What happens if VPN into my company and use a high bandwidth application there? They are selling (and I am paying for) a connection to the internet. I want to use it anyway I see fit. The government has granted Cable/Telcos a very nice monopoly or duopoly position. I still remeber the byegone days when telcos had to share their infrastructure. Maybe we should remind them who paids the bills here and what realy competition is about. It would be nice if citizens had as much lobying power as the the big guys. Maybe we could get the FCC chairman to something that was in our best interest.

sc

By the time this happens, the customer is likely to have multiple network options to choose from – Cable/DSL/Power/Wireless, with each network provider not adding a significant value when compared to another.

It is unlikely that any of the large content providers will agree to an arrangement like this.

What is more likely to happen is that smaller content providers may pay a portion of their earnings to get better performance and create a positive customer experience.

Charlie Sierra

Om,

Aren’t SBC and Yahoo partners? Ditto for VZ and MSN?

Do those partnership agreements envision distribution fees from their partners, or does SBC and VZ pay money to Yahoo and MSN?

Is this ploy by BellSouth just sour grapes for being late to the game, without a partner, and without a successor for the CEO position?

In essense do these machinations tell us more about BLS than they do the market?

Patrizia Broghammer

The companies offering “connectivity” begin to understand that the future IS in the content and the revenues will mostly come from it.
Why loosing a share of the cake that is going to be bigger and bigger?

I think that when the customer pays for the leasing of the line has the damn right to do what HE wants with it.
It is like if the owner of your office would charge you for the revenues you make doing your job.
Once you pay the rent, the income from what you do is YOURS.
THEY should be the ONES to pay The content providers.
If they are able to lease the lines IS because somebody creates content to use those lines.
In other words, if I have nothing to see, nothing to download, no mail services, no search engines, would I pay for Internet Access?
They easily forget that the spreading of broadband was mostly due to programs like Napster and P2P.
How many would still pay for broadband of there was nothing to download or if what offered to download was too expensive?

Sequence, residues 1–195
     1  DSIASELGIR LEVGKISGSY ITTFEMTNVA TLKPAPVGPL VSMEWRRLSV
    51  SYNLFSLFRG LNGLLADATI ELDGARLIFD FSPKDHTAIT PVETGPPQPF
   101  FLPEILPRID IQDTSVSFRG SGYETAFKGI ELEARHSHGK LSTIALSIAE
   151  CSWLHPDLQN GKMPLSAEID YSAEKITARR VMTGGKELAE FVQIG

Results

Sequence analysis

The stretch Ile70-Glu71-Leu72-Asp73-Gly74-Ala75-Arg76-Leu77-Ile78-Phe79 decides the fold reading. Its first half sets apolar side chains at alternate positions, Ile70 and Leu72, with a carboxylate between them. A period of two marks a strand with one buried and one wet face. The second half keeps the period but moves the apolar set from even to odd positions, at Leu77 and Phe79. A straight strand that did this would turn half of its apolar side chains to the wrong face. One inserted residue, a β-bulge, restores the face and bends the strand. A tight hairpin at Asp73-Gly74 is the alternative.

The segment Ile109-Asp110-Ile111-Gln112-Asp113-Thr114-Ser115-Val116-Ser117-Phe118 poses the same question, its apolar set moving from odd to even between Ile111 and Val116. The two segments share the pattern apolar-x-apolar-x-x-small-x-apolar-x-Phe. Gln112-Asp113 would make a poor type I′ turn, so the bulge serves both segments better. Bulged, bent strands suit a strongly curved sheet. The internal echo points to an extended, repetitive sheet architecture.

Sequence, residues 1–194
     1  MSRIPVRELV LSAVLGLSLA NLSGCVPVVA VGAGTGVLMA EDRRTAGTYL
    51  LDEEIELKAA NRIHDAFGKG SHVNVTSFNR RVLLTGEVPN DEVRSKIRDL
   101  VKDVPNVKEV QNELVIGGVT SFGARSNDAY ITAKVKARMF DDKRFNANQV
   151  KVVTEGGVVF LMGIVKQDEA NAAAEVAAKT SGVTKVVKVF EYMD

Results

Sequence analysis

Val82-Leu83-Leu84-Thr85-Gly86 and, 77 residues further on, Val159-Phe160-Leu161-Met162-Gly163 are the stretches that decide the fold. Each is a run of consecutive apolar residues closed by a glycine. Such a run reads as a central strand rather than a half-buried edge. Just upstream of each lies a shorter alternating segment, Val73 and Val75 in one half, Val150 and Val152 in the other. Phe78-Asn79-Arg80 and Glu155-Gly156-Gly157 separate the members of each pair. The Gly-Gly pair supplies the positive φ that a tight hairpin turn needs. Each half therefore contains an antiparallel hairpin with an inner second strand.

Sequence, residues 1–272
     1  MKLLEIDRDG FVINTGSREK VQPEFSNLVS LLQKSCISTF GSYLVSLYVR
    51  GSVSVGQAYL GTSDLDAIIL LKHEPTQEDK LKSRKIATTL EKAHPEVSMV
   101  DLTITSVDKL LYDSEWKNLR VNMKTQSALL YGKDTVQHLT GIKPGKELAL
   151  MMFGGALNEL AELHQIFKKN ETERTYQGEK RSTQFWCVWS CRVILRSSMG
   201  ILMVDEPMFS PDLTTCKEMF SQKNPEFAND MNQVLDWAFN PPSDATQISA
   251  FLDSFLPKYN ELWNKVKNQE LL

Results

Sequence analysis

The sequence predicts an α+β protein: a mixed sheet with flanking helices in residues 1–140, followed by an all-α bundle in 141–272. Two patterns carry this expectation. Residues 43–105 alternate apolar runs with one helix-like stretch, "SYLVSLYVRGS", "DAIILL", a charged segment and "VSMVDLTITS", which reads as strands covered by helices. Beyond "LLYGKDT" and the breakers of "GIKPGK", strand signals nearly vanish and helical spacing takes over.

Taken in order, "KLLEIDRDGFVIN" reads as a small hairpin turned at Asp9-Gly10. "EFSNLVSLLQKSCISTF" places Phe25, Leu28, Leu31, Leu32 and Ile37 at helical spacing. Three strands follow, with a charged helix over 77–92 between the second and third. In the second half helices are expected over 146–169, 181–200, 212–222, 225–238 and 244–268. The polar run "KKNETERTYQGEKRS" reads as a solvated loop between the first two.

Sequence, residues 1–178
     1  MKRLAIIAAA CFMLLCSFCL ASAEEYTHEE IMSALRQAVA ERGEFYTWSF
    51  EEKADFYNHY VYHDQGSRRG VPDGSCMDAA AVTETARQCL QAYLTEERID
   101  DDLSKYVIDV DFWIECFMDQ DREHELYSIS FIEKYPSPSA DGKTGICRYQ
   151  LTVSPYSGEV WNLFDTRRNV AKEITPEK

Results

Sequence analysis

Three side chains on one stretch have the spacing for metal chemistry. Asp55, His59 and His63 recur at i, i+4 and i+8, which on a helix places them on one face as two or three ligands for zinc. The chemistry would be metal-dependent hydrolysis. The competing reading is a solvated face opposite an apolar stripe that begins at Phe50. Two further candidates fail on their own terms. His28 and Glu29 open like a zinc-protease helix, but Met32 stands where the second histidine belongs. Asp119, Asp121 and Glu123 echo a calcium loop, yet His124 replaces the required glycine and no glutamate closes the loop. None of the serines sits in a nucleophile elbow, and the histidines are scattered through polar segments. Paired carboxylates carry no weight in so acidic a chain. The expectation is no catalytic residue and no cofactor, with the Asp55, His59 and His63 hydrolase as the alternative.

Patrizia

Mel

Attention content companies: Please call these guys on this. Let’s say Apple doesn’t pay (because the broadband user already is) and BellSouth cuts off iTunes or the “speed degrades”.Apple can simply let the world know that it’s “not on our end, it’s on Bell South’s end”. Where do you think the rage will be placed? BS of course (hey, great initials for them).

Paul Jardine

Why don’t the content companies just pass on the charge to the customer, fully open book.
“I’m sorry Mr Customer, but your purchase has a 10cent additional charge because your access is through Bell South. The following other ISPs operate in your area and do not apply this ‘tax’…”
Of course, there needs to be no monopoly or artificial barrier to entry for other players.
Then let the bowels of the free market economy deal with this shit.

We don’t need more legislation, just a removal of the barriers to entry into the market.

Aditya Kaul

There is growing interest from industry as well as academics with regards to the growing gap between revenues earned and usage costs. The Broadband Working Group at MIT has an interesting paper on how the Korean broadband market has already seen this gap. KT went ahead and started charging a usage based fee, which was not taken very well. Many of you might have already heard of this, called the broadband incentive problem. This paper (http://cfp.mit.edu/groups/internet/qos_docs/Watlington-BBWG-Oct.pdf) gives many ways that it could be solved, one of these is recovering costs from non access based revenues. As the paper says the time to act is now!

Markus

I spoke to the heads of some major wireless companies locally. From what i’ve been told this is just the first step in a long process they have planed. Most likely they will do what they have done for wireless, unless you pay them a large amount of your earnings they will simply block access to your content. What these companies do would land you in jail if it was any other industry.

Robert J. Berger

I think the RICCO act should apply hear.

And after that, its time to break up the Bells again, but this time do it right! Break them up horizontally not verticall.

One regulated layer 1 company with open access to all the plant and then any number of unregulated competitive service providers on layer 2/3 on up.

Sanjay

Ah, the always-alive “free, public peering” vs. “private or settlement peering” issue! For as long as I can remember, at least since 1994, networks want to tier themselves based on some definitions and force the lower tier ones to pay for peering at the exchange points. After a lot of dooomsday posturing, the bigger network guy switches off the peering — in this case BellSouth with a Yahoo, most of the network’s customers find alternate ways of reaching the content, a few see degradation or loss of connectivity, the paying customers complain and the network blinks. I’d expect the same here. The networks are too late in the game to start paying hardball with the content providers now.